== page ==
Extracellular and Intracellular Bacteria

By Acharya Tankeshwar •  Updated: 05/05/22 •  3 min read

Pathogenic bacteria can be grouped into two major categories on the basis of their invasive properties for eukaryotic cells.

  1. Extracellular bacteria
  2. Intracellular bacteria
    1. Facultative intracellular
    2. Obligate intracellular

Extracellular bacteria

Extracellular bacterial pathogens do not invade cells instead, they proliferate in the extracellular environment which is enriched with body fluids. Some extracellular bacteria even don’t penetrate body tissues (e.g. Vibrio cholerae) but adhere to epithelial surfaces and cause disease by secreting potent toxins.

Although bacteria such as E. coli and P. aeruginosa are termed noninvasive, they frequently spread rapidly to various tissues once they gain access to the body.  Extracellular bacteria do not have the capacity to survive the intracellular environment or to induce their own uptake by most host cells.

Predominantly extracellular bacteria are:

Intracellular Bacteria

Intracellular pathogens commonly cause “granulomatous lesions”. They are divided into two groups-

Facultative Intracellular Bacteria

Facultative intracellular bacteria invade host cells when it gives them a selective advantage. Bacteria that can enter and survive within eukaryotic cells are shielded from humoral antibodies and can be eliminated only by a cellular immune response. However, these bacteria must possess specialized mechanisms to protect them from the harsh environment of the lysosomal enzymes encountered within the cells.

Other facultative intracellular bacteria are:

  1.  Invasive Escherichia coli
  2. Neisseria spp
  3. Brucella spp
  4. Shigella spp

Histoplasma capsulatum and Cryptococcus neoformans are facultative intracellular fungi.

Obligate intracellular bacteria

This group of bacteria can’t live outside the host cells. For e.g. Chlamydial cells are unable to carry out energy metabolism and lack many biosynthetic pathways, therefore they are entirely dependent on the host cell to supply them with ATP and other intermediates.  Because of this dependency, chlamydiae were earlier thought to be a virus.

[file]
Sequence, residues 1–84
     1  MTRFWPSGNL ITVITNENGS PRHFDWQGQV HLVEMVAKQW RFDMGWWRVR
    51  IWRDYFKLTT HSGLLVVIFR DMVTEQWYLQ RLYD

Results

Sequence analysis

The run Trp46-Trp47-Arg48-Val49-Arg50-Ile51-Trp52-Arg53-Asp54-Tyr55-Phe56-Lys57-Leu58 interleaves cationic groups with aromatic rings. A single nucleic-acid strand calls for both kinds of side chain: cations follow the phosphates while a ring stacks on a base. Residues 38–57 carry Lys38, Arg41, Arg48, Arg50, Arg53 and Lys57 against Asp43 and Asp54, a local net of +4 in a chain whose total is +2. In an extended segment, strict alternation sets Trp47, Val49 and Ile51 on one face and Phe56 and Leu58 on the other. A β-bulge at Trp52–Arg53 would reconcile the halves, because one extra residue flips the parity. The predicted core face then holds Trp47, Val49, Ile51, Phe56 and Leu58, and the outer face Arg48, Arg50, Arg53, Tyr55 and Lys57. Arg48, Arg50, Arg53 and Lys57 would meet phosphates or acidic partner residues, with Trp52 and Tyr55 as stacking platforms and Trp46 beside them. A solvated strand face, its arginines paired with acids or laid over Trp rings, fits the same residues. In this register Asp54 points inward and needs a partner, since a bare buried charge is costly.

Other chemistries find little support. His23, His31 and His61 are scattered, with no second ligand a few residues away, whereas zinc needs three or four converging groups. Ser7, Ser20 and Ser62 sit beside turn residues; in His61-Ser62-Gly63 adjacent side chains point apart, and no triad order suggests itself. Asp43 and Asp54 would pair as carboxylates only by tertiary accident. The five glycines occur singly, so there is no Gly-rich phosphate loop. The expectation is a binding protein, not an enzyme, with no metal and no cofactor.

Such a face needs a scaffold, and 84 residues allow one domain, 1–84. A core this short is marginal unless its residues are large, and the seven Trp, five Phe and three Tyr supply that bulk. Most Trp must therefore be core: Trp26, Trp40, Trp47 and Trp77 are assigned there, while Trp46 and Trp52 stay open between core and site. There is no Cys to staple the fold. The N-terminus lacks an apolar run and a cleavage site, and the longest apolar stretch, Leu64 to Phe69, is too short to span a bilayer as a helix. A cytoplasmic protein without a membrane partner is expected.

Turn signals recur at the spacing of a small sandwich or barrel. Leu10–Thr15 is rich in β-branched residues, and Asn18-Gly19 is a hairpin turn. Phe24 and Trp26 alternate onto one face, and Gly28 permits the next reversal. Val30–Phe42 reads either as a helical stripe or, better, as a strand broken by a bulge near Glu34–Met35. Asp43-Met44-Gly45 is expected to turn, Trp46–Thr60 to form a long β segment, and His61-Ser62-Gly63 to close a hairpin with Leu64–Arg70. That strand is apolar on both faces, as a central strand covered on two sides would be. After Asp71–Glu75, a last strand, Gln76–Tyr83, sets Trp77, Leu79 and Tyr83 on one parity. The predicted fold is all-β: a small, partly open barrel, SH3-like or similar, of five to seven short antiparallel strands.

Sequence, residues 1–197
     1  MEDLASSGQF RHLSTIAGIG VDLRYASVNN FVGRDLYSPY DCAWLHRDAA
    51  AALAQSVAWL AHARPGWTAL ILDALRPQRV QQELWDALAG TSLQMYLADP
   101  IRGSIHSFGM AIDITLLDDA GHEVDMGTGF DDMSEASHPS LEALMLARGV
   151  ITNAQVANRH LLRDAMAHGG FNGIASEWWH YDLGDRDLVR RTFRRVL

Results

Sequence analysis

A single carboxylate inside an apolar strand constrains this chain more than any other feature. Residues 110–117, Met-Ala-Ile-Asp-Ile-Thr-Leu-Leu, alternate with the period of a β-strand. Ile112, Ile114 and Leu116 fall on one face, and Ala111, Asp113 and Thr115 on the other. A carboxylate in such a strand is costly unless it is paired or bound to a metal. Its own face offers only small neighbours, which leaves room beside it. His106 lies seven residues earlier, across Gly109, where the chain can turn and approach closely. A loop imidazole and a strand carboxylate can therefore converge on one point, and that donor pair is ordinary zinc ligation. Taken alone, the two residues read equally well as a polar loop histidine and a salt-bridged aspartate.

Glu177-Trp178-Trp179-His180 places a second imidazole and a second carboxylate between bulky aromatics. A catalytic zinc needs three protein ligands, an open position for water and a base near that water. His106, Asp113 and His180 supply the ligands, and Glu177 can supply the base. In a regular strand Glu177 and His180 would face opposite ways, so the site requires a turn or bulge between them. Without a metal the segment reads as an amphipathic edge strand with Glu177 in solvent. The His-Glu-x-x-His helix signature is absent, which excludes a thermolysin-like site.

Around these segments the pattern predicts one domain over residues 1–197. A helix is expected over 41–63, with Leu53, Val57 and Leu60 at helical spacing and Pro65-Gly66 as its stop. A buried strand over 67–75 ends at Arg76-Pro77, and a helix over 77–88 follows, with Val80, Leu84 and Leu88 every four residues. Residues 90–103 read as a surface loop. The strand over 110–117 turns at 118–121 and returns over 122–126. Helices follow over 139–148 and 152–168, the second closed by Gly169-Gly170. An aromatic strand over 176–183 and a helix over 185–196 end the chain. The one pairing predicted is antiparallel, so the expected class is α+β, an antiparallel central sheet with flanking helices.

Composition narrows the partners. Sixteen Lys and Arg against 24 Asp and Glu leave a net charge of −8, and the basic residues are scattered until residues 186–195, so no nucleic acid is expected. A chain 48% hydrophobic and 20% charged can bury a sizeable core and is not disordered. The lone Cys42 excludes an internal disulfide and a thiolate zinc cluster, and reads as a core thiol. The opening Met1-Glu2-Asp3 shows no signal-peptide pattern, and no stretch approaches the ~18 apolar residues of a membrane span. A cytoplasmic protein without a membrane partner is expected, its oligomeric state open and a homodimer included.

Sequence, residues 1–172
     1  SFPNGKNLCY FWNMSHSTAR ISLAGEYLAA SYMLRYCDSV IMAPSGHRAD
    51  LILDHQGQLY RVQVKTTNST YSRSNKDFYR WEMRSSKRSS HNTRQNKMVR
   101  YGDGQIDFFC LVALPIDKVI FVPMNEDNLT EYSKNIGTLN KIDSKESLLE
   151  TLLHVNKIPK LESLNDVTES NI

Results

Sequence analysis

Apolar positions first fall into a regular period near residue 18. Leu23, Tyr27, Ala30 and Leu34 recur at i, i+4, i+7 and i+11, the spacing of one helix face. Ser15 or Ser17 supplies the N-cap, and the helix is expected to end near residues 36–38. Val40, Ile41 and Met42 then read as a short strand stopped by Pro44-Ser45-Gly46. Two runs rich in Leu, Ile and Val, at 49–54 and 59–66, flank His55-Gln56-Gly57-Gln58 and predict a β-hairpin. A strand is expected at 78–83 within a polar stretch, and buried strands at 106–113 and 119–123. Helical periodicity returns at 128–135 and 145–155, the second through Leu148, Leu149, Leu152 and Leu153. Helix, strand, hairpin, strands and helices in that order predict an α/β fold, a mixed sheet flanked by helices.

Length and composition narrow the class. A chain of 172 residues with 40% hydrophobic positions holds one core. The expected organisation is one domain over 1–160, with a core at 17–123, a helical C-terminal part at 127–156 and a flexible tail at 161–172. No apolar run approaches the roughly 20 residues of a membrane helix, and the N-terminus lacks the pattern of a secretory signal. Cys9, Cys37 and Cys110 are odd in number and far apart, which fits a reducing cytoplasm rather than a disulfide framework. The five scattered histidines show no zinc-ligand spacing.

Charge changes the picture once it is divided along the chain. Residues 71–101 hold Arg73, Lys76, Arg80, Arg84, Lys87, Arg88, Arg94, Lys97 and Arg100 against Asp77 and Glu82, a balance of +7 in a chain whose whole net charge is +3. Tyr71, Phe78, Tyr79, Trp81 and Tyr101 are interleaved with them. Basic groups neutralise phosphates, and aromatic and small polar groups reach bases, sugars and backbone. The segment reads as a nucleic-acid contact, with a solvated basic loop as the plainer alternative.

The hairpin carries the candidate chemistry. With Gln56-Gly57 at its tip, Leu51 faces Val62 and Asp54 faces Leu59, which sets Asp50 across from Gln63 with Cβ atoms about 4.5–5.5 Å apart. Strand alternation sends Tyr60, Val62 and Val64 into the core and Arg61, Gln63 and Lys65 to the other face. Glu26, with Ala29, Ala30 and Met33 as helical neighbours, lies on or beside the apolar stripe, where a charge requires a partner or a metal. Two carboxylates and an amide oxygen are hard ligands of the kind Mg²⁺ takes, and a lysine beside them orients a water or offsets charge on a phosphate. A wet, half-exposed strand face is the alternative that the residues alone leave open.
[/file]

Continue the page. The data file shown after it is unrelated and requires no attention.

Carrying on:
All viruses are obligate intracellular parasites.

Obligate intracellular bacteria cannot be grown in artificial media (agar plates/broths) in laboratories but requires viable eukaryotic host cells (eg. cell culture, embryonated eggs, susceptible animals).

Pneumocystis jiroveci is an obligate intracellular fungi.

Other obligate intracellular bacteria are:

  1. Mycobacterium leprae cannot be cultured in vitro; it is an obligate intracellular parasite.
  2. Coxiella burnetti: The metabolic activity of Coxiella burnettii is greatly increased in the acidic environment of the phagolysosome.
  3. Rickettsia spp

Toxoplasma, Cryptosporidium, Plasmodium, Leishmania, Babesia, and Trypanosoma are obligate intracellular parasites.

Acharya Tankeshwar

Hello, thank you for visiting my blog. I am Tankeshwar Acharya. Blogging is my passion. As an asst. professor, I am teaching microbiology and immunology to medical and nursing students at PAHS, Nepal. I have been working as a microbiologist at Patan hospital for more than 10 years.

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2 responses to “Chlamydia trachomatis: Properties, Disease, Lab Diagnosis”

  1. Shivam Pandey says:

    Hello Tankeshwor sir,
    Your blogs really help a lot of Nepalese and Indian students studying MBBS. I really appreciate your efforts.

    • Acharya Tankeshwar says:

      Thank you, Shivam for your inspiring comment. Please share how can I make it more useful.

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